“If nothing else,” Syd replied, “I was hoping you’d learned in yesterday’s session to accept responsibility. Obviously, that didn’t happen.”
“Whoa, buddy!” Katrina slowly rose. At only five feet tall, it was a long way up to meet Syd’s green eyes. “Seems to me, this whole thing is boiling down to what you have never taken responsibility for.”
The young officer gave a quick nod. “Perhaps.”
“More than perhaps.” As Katrina stepped toward him, he backed away and nervously ran his fingers through his straw-coloured crew cut, obviously fighting a blush that was threatening to drown his freckles.
“Maybe it won’t end until we all come clean.”
“We all come clean? Excuse me, Syd. We?”
“You’re not an innocent victim.”
“Was it up to you to supply the evidence of that fact? None of this would’ve happened if you hadn’t brought your damned King’s Ace surveillance photos up here to Sergeant Kindle. Where were you when the brains were passed out?” The photos had tarnished her reputation and nearly lost the Crown all two hundred-plus biker convictions. ‘Concealing evidence,’ the defence has said. But the worst part was the pictures had revealed she was a friend of the murder victim.
She jabbed her finger at her temple. “How stupid are you? How the hell did you make it through training depot? It doesn’t take a genius to realize which photos you should’ve deleted!”
“I couldn’t delete those photos! They were evidence in another investigation. Besides, you can’t seriously believe that you’d get away with testifying as an eyewitness at a murder trial and omitting the fact you were the victim’s friend.”
Victim... She shivered, remembering that cold, dark, October night in a metal shed on the Alberta prairie. Although Lukas was the only one lying lifeless when the sun rose over that Quonset, there’d been many victims in other ways...and much blame. When the media, the brass, and the entire nation began laying that blame on Shrug’s shoulders, she’d covertly stepped in.
Shrug may have wrongly recruited her into the gang to assist with the police sting, but he’d also saved her life, several times over. She owed him. Besides, at the time of his disciplinary hearing, she’d needed some good words to support her application to police training. It was then she’d asked Syd to leak some of his surveillance photos showing her trading crack for dollars or tossing back some Ecstasy—just a little something to prove that although Shrug may have involved a minor, it wasn’t an angelic, grief-torn orphan he’d invited onto the backseat of his Harley. Syd was not supposed to have shown Kindle pictures of her cavorting with Lukas, a friendship that could have remained secret to this day. Someone two desks over coughed—a stark reminder of many other dark secrets that must forever remain untold.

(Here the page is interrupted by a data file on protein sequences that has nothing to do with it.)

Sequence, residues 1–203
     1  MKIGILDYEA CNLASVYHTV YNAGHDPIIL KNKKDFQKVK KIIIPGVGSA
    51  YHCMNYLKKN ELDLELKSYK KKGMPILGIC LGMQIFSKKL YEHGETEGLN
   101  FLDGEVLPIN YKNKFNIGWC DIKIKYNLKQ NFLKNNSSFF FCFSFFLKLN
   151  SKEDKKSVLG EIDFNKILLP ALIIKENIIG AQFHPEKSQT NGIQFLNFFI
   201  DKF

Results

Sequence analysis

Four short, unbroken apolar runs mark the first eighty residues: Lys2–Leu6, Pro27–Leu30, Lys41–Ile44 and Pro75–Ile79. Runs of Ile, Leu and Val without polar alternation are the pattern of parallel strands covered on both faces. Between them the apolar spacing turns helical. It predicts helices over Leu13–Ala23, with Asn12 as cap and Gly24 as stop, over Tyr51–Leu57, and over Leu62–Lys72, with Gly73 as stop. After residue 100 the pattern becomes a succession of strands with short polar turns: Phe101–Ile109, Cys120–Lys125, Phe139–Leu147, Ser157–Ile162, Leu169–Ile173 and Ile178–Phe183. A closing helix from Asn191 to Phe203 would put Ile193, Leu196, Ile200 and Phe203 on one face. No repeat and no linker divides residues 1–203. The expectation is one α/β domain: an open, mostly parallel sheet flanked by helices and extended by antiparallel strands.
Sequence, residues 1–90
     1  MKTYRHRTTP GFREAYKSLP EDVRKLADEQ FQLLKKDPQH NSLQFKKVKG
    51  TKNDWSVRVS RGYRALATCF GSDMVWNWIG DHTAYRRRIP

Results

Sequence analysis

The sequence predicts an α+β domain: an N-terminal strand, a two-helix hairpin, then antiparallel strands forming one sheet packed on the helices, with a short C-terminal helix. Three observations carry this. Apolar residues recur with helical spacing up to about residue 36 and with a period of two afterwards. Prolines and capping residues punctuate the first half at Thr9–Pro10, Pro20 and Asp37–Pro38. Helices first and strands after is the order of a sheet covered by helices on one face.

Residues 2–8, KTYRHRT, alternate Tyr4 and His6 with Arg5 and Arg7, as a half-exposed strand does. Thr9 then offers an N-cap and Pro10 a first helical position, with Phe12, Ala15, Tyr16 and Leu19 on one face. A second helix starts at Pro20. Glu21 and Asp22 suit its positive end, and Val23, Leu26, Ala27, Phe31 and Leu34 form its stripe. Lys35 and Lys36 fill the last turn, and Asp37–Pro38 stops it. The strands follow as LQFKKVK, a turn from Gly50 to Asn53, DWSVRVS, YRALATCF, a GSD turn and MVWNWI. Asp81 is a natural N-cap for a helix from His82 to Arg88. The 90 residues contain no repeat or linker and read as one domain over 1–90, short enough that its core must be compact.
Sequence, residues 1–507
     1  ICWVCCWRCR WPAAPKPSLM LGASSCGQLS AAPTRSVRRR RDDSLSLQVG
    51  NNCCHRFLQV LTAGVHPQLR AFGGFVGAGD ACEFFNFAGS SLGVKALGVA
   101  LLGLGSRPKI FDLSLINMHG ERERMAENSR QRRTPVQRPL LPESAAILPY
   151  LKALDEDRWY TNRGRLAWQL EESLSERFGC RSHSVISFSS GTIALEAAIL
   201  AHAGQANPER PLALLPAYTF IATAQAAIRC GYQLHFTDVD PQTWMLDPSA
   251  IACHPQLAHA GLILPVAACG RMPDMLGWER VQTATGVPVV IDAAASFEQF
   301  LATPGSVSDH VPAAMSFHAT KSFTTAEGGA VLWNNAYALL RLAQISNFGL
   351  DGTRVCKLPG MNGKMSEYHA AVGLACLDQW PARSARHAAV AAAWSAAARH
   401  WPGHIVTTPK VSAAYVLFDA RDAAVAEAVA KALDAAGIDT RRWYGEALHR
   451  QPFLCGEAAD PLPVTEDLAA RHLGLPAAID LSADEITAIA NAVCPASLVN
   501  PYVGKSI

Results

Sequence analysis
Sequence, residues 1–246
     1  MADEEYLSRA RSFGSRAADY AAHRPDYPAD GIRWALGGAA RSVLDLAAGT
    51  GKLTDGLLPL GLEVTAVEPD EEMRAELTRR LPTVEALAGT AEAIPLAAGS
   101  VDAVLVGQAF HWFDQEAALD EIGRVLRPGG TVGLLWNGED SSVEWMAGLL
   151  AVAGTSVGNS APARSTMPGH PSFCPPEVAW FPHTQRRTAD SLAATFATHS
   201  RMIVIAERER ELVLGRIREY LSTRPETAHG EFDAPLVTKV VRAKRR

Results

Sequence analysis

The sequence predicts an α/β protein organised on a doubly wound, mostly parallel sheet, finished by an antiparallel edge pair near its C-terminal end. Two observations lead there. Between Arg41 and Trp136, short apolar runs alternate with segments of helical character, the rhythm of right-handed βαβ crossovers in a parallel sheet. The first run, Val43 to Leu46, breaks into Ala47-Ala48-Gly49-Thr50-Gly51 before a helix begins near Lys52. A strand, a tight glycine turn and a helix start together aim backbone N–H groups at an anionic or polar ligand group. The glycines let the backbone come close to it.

Katrina lowered her voice to a whisper. “No one needed to know Lukas was my friend. Besides, I never lied; no one ever asked if I knew him before he was murdered. Not even the defendants’ legal team and they could’ve—their clients knew.”
“Obviously Gator didn’t want the jury to hear that it was your boyfriend and not some random druggie that he’d forced you to watch get sliced to pieces—it would’ve made him look even more evil.”
“That was Gator’s decision, not mine. How can you say it was my fault?” Katrina took another step toward Syd.
This time, he held his ground. “For the sake of justice, it was something the court should’ve heard. Blame whoever you want for your troubles, Katrina. I’m past the point of arguing and past the point of thinking your problems are my fault.”
“But—” She clamped her mouth shut. Considering my job’s at risk, I need allies, not more enemies. Syd would be a strong ally; he was open and honest and respected by both those above him and below him. Plus, he still harboured remnants of guilt because of what had happened between them when she was a child on the street—he’d said as much in yesterday’s session.
“Rusty’s out to get me because I’m the reason he was fired.” She studied Syd’s reaction as she spoke. “He shouldn’t be allowed to do that.”
“You weren’t the reason he was fired.”
“He used me to get information about the drug trade down at the King’s Ace.”
“So did I, and I’m not fired.”
“But he refused to admit he’d done anything wrong.”
“Exactly. So it’s his fault he got fired, not yours. It’s not always all about you.”
Katrina’s vision narrowed and her jaw tightened. “You’re right, it’s not about me; it’s about you! James would have had nothing more to write if you hadn’t….” She left it unsaid and locked her eyes on Syd’s. He shifted from one foot to another. A police radio crackled in the distance. A phone rang. “Or, do you believe that secret is somehow my fault, too?” The sun slipped behind a cloud and the room darkened.
Syd looked to his shoes and ran his toe along the grey grout hemming the worn tiles. The fluorescent fixture above them hissed and dimmed. “It’s going to be in James’ book,” Katrina continued. “I guarantee it. Rumour is he’s promoting a conspiracy theory. All the dirt will be there. He has nothing to lose by talking about it.”
Syd looked past her, over the humming monitors and clicking keyboards. Past the people straining to listen. He looked out the window. “Let’s not keep Sergeant Kindle waiting,” he finally said. “It’ll only make things worse.”